An election will be held Tuesday, March 16 that includes a referendum to allow the Sarasota County School District to continue a 1-mill levy to support public education.
The millage is not a new tax, but a continuation of existing millage originally approved in 2002 and renewed in 2006. The 2010 renewal will authorize the district to continue the millage already in place and to fund the operating expenses necessary to maintain academic programs and teaching positions in the Sarasota County public school system. If the millage is opposed, the district will lose a projected $38 million next year.
With the addition of the tax, the district says it has been able to preserve music-and-arts programs, lengthen the school day by 30 minutes, recruit and retain teachers, provide career advisers and enhance other services that improve student achievement.
“We’re looking at a projection of $38 million,” said Superintendent of Schools Lori White, during the Jan. 25 discussion, held at the Community Foundation of Sarasota. “We have reduced the budget by $70 million (over the past two years) and are feeling the tightening of the belt.”
Economic conditions within the last two years have also forced the district to eliminate 500 staff positions.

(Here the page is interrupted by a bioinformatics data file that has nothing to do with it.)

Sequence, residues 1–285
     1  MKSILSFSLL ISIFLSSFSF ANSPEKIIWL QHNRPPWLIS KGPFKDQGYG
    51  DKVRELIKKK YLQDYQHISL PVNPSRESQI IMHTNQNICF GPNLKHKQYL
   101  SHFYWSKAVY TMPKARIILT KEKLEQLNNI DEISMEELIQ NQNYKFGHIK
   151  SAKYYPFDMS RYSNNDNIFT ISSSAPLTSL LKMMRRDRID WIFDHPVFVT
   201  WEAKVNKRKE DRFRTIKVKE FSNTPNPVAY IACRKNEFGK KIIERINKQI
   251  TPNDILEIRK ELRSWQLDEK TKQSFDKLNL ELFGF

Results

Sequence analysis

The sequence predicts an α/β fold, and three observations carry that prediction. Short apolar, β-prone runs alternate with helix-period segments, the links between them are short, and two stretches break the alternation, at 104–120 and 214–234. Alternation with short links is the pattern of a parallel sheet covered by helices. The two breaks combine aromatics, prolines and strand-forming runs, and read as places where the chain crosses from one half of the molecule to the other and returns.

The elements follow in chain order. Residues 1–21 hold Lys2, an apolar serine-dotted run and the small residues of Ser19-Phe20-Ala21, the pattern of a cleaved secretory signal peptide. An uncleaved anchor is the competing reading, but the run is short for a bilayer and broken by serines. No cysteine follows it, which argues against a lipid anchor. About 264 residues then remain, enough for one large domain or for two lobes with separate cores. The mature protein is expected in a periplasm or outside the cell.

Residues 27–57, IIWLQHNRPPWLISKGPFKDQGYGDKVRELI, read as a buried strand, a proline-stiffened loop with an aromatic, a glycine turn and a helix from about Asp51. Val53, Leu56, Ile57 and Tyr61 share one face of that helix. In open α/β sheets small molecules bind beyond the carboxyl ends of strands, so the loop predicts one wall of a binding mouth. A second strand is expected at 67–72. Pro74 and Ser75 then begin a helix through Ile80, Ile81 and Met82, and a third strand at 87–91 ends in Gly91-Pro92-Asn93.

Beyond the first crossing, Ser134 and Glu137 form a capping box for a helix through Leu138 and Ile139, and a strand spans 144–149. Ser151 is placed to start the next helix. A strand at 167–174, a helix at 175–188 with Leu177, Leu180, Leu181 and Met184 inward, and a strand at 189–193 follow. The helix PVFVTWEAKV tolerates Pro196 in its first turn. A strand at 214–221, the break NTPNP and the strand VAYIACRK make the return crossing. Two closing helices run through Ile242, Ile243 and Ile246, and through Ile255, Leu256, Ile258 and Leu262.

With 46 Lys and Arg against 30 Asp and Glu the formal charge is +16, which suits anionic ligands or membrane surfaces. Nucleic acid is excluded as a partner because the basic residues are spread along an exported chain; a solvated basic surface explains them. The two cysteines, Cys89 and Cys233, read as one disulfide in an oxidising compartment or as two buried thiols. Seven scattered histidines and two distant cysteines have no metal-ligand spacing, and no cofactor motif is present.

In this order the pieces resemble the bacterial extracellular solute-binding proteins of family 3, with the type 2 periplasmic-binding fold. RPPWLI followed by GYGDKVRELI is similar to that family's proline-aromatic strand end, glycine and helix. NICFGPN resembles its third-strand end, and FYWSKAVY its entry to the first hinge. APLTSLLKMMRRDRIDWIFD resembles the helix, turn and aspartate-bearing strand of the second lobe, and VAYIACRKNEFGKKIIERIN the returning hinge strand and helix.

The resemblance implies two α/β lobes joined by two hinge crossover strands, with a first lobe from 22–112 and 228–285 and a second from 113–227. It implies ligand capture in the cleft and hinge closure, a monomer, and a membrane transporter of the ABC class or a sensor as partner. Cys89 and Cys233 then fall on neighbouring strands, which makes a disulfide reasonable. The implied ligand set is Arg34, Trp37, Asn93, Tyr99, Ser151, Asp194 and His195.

But even if the millage is renewed, the district will still face budget cuts because of reduced property values in Sarasota County and shortfalls in state revenue.
“The average person will spend $141 per year,” said proponent Jane Goodwin, of Citizens for Better Schools. “E.D.U. equals J.O.B.S. For every person who loses a job, it impacts six people.”
Opposing the tax were Rod Thomson, executive editor of the Gulf Coast Business Review, and Walt Augustinowicz, of Identity Stronghold.
Reading from documents provided by the district, Augustinowicz noted that in 2008-2009, the district’s actual expenditures totaled more than $574 million. This year, the projected spending is estimated at more than $783 million. The numbers include both the operating and capital budgets for the district. In addition, the district moved some big-ticket capital projects from last year to this year.
“Forty-three individuals alone got over $500,000 of that in their pockets,” Augustinowicz said. “I love my kids and want them to do well, but we have to be realistic.”
The deadline to register to vote in the March 16 election is Feb. 16. Visit www.sarasotavotes.com for more information.
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